The acclaimed author and preeminent military historian John Keegan examines centuries of human conflict. From primitive man in the bronze age to the end of the cold war in the twentieth century, Keegan shows how armed conflict has been a primary preoccupation throughout the history of civilization and how deeply rooted its practice has become in our cultures.
"Keegan is at once the most readable and the most original of living military historians . . . A History of Warfare is perhaps the most remarkable study of warfare that has yet been written."The New York Times Book Review.
|Publisher:||Knopf Doubleday Publishing Group|
|Product dimensions:||6.65(w) x 9.54(h) x 1.50(d)|
About the Author
John Keegan was for many years senior lecturer in military history at the Royal Military Academy, Sandhurst, and has been a fellow at Princeton University and a visiting professor of history at Vassar College. He is the author of twenty books, including the acclaimed The Face of Battle and The Second World War. He lived in Wiltshire, England until his death in 2012.
Table of Contents
1. War in Human History
Interlude: Limitations on Warmaking
Interlude: Logistics and Supply
Most Helpful Customer Reviews
Unquestionably Keegan's most brilliant work--and that says a lot. This work traces the development of warfare from the Stone Age to the Modern, but is in reality a history of world civilization, and demonstrates with brilliant clarity the linkage between the two. Keegan seeks initially to explain what warfare is, and why it seems so dominant in human history. Rejecting the Clausewitzian theory of war as simply politics, Keegan instead shows how warfare and culture are inextricably connected, and how the process of cultural development influences and is influenced by military developments. The focus is primarily on evolution--why each development led to the next, why one culture supplanted another. The historical perspective is impressive; the largest part of the text developing history in the ancient era (suprising how insignificant our 'modern' era is). Analysis is also devoted to subjects like fortifications and logistics, and their development in the historical pattern. Yet ultimately it is a study of the human animal, as penetrating and insightful as any analysis yet done. This is an absolute 'must read' for anyone interested in history, military history, or in the sociological history of mankind. It is absolutely without peer.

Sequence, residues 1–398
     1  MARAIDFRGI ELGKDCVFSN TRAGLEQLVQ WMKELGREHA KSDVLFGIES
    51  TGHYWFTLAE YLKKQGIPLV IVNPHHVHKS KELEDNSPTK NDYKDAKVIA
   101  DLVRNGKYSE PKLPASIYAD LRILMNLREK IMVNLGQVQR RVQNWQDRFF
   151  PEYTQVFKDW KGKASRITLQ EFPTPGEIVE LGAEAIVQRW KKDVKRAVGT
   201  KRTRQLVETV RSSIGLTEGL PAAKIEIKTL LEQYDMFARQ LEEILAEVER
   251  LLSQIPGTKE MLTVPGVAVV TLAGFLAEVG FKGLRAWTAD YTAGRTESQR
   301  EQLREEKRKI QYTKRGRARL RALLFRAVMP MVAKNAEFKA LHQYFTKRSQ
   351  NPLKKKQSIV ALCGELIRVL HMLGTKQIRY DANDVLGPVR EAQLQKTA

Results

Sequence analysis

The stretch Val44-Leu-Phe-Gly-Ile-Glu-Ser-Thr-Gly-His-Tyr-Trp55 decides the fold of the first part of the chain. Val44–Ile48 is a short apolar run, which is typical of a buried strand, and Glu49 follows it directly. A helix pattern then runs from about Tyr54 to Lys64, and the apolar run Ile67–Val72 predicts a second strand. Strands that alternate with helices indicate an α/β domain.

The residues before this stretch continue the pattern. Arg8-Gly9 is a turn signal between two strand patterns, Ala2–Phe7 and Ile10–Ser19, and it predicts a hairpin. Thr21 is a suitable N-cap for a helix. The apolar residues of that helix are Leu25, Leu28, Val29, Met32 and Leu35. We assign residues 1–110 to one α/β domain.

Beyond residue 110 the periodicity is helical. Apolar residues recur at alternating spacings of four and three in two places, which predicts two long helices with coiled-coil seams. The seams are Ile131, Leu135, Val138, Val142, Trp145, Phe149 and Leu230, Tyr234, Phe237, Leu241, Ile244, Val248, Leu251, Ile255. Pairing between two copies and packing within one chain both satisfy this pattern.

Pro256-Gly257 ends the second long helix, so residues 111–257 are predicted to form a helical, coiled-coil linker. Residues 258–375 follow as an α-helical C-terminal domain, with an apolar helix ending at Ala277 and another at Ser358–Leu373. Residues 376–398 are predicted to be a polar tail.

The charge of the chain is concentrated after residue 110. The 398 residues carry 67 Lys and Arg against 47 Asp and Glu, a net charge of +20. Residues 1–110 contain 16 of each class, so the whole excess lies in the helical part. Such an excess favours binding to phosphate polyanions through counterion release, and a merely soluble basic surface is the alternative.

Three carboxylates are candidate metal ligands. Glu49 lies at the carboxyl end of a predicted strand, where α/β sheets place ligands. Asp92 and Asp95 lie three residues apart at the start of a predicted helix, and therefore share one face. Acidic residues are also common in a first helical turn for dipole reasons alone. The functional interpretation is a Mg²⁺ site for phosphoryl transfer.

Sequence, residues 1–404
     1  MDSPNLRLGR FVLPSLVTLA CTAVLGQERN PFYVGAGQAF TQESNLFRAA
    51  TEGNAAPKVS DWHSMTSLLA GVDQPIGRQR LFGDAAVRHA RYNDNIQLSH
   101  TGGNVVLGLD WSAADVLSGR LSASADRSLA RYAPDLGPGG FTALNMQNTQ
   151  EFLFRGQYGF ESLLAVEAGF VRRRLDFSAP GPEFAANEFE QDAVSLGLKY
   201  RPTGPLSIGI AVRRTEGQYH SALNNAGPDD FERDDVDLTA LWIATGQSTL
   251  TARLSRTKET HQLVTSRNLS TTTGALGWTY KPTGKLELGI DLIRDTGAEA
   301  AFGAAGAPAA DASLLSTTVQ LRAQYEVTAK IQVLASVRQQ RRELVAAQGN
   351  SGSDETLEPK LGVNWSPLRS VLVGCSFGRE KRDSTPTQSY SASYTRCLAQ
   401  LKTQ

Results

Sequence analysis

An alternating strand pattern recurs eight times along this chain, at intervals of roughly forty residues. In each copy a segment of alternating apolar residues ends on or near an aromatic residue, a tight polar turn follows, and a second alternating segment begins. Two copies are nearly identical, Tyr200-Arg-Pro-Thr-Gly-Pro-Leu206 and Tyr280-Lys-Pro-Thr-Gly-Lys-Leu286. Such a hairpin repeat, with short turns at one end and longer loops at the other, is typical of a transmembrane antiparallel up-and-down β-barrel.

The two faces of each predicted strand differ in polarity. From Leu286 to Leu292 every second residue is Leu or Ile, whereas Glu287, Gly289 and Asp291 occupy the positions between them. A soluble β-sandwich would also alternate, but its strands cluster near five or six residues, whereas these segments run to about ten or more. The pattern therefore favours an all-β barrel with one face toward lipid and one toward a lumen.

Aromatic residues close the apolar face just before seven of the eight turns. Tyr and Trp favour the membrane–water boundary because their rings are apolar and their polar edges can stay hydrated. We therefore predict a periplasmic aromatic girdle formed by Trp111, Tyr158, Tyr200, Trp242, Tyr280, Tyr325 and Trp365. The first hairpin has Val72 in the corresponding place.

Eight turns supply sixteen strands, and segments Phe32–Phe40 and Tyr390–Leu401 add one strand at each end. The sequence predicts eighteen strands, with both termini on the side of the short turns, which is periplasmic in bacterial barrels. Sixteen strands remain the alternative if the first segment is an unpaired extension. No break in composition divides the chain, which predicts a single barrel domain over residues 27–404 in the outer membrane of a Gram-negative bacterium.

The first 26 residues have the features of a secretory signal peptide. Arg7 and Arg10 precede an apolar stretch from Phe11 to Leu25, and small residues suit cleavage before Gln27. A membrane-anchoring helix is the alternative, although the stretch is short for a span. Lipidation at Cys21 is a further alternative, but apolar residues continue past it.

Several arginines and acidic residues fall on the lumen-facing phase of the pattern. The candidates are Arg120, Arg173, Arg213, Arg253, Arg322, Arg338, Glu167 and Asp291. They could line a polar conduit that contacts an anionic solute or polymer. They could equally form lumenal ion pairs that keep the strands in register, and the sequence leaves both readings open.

Keegan's history traces warfare from pre-history through the Greeks and Romans to modern times and explores how tactics, strategies and equipment have changed. While the book is a little dry in places, it drives home the point that warfare as we know it is neither natural or an inevitable extension of politics as Clauswitz asserted. Total war in fact turns Clauswitz's premise on its ear because it is, in today's terms suicidal
Keegan has a unique insight, understanding and knowledge, from a point of view all too rare in the analysis of war and warriors. He makes numerous points very clearly that change my outlook and insight significantly. So many things in history we look at are viewed in a current context, and so many fail to look from the time perspective of the participant, but to look as it takes place over time and it place in development is most insightful.
Comprehensive, definitive and as always with a Keegan book; eminently readable.